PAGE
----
Mark Diesendorf

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Labor's policies have to get a lot more ambitious if they want to see real reductions in emissions.

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Twelve power projects are in the running for federal government dollars: six pumped hydro, five gas and one coal. It's clear which one shouldn't be on the list, for economic and environmental reasons.

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Here are some short- and medium-term strategies for transitioning to renewable, reliable and affordable energy in South Australia, writes Mark Diesendorf.

Nuclear power

The South Australian royal commission recommended the state investigate a high-level nuclear storage facility. But the costs don't stack up, writes Mark Diesendorf.

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The climate action movement can learn from Ghandi and Martin Luther-King as they look for new ways to force governments to take stronger action on climate change, writes Mark Diesendorf.

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The South Australian proposal to profit from the storage of nuclear waste would create a financial burden on future generations, and bring substantial environmental and health risks, writes Mark Diesendorf.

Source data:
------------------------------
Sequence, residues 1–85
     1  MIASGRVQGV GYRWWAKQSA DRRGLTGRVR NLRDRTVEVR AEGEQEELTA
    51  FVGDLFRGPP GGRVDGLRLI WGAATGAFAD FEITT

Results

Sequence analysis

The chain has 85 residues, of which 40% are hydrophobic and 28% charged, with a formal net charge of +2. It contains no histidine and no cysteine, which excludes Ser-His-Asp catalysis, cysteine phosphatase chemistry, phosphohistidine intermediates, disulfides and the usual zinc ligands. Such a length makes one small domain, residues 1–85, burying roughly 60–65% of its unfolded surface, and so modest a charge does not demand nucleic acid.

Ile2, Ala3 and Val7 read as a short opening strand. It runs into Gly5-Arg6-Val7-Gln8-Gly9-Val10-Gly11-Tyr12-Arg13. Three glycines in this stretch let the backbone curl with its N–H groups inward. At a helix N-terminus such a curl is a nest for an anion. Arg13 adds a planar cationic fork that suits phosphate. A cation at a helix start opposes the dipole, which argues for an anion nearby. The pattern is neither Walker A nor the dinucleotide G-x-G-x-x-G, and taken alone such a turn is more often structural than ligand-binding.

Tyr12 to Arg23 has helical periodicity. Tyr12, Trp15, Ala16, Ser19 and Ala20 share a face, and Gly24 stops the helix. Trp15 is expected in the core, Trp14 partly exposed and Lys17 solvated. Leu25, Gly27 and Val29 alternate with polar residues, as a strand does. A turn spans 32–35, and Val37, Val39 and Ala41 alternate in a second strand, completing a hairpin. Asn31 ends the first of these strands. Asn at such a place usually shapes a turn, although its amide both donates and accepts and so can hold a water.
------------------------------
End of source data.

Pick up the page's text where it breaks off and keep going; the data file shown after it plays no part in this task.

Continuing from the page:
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Sustainability will be almost impossible to achieve without changing our values and ending growth in population and consumption per person, writes Mark Diesendorf.

coal power

The writing is on the wall for coal-fired power in Australia, writes Mark Diesendorf.

SA Power Station

South Australia's electricity system could be operated entirely on scaled-up, commercially available renewable energy sources, writes Mark Diesendorf.

Nuclear power

The case for expanding nuclear energy is based on a raft of myths including its status as an energy source, greenhouse gas emissions, accidents, wastes and economics, writes Mark Diesendorf.

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